The tensor tympani muscle is structurally important in the middle ear, specifically through its involvement in the impedance of sound in response to intense auditory and non-auditory stimuli. Despite numerous studies, its true function has been debated for many years; questions still remain about its role in auditory and non-auditory reflexes and in sound damping. Some studies suggest that the tensor tympani muscle contracts as a result of non-auditory stimulation such as facial or head movements; others suggest that it contracts due to input from the cochlear nucleus, therefore by way of auditory stimulation. Whatever the cause, contraction of the tensor tympani muscle results in low frequency mixed hearing loss, either to protect the inner ear from loud sounds or to desensitize the ear to self-generated sounds. A review of these studies indicated that the tensor tympani muscle has a wide range of functions, yet the mechanisms of some of them have not been clearly demonstrated. One major question is whether the tensor tympani muscle contributes to sound damping; and if it does, what specific role it serves. The primary purpose of this review article is to explore the functions of the tensor tympani muscle in light of recent research advances.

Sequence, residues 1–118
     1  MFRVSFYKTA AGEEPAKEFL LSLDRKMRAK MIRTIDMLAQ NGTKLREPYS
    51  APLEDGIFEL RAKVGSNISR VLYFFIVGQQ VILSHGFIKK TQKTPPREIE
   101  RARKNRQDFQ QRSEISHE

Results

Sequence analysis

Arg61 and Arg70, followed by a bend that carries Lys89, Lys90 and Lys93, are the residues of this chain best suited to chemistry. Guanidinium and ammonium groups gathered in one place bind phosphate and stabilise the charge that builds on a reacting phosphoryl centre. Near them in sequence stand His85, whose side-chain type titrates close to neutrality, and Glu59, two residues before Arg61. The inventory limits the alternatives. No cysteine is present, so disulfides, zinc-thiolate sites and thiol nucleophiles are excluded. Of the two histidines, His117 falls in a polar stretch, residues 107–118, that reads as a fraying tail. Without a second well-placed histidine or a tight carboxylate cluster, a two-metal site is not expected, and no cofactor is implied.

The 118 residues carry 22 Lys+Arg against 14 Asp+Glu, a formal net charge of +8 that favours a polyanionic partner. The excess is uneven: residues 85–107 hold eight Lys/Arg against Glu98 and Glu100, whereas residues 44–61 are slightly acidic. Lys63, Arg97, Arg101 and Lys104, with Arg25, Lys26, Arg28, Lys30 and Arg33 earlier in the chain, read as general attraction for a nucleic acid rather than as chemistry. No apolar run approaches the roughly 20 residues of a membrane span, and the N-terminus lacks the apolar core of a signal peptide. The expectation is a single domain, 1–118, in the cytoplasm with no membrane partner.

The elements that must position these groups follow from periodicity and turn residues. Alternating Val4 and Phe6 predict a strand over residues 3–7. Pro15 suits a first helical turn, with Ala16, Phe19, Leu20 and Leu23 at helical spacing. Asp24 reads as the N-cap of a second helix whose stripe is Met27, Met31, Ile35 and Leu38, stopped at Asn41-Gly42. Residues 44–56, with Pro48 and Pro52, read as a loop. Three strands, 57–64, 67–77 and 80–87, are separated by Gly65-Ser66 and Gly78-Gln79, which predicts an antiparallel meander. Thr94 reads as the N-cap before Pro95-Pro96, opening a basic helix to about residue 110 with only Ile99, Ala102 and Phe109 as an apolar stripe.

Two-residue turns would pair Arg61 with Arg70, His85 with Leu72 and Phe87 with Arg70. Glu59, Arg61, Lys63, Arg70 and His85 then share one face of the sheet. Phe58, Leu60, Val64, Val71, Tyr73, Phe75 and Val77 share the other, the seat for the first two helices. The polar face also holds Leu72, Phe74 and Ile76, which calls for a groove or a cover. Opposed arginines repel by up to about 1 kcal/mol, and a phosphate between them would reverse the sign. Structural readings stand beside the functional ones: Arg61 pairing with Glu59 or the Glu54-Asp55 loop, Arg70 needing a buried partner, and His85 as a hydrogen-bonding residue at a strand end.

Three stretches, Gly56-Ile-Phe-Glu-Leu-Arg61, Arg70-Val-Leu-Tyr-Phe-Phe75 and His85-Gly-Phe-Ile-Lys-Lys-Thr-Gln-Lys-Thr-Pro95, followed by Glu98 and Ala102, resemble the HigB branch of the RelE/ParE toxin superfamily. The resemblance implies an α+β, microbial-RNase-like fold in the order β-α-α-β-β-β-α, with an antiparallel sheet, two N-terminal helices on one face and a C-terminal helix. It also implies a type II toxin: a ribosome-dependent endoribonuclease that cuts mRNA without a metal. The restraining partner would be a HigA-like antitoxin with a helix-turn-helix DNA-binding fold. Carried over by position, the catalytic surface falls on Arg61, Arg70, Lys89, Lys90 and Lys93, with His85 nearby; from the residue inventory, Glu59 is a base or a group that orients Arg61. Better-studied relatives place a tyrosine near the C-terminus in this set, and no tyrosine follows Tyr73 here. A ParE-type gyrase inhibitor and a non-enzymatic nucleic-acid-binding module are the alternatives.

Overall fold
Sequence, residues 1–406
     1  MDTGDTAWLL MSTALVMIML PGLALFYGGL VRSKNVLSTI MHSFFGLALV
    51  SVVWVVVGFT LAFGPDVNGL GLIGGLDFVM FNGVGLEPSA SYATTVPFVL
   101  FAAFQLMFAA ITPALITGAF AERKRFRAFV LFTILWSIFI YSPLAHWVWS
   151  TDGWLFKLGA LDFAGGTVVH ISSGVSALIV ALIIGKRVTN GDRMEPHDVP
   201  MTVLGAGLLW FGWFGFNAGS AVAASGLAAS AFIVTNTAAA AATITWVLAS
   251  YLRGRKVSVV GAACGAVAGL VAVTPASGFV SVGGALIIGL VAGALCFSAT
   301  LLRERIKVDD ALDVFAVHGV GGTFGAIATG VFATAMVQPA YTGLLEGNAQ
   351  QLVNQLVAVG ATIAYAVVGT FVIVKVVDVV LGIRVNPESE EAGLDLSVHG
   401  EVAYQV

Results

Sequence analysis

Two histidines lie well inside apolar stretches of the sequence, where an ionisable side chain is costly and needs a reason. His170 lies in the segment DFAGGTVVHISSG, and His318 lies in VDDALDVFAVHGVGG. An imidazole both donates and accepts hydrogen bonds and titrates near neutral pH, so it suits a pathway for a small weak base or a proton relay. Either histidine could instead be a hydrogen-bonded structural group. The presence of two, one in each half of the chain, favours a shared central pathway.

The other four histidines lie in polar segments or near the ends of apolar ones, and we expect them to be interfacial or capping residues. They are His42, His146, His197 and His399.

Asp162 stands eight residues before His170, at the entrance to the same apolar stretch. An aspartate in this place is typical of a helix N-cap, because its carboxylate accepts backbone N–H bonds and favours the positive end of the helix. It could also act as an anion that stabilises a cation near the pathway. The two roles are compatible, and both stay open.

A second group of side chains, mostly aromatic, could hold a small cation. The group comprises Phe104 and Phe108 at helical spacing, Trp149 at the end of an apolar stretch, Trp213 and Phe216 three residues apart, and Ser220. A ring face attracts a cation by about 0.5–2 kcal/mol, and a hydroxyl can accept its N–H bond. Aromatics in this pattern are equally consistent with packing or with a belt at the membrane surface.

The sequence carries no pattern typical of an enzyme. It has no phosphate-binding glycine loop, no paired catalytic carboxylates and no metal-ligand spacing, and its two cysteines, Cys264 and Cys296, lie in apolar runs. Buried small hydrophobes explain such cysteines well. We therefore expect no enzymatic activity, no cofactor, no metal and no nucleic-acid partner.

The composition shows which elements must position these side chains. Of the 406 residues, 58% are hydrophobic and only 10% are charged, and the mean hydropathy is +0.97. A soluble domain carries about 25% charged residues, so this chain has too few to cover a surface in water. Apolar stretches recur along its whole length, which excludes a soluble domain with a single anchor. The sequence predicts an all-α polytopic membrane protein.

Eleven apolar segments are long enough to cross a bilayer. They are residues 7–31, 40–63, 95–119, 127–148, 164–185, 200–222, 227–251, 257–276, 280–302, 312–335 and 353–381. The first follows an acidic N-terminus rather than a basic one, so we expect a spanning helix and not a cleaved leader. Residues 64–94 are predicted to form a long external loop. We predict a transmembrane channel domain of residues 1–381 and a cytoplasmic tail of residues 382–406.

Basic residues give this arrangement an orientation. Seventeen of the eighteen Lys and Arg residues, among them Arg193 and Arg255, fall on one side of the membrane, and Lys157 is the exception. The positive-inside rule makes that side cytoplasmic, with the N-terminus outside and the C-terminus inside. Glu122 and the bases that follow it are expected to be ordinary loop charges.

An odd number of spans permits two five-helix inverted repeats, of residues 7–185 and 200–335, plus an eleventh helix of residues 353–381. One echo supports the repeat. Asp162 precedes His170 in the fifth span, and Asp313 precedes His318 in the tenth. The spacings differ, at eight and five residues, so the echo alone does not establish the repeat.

Conflicts of Interest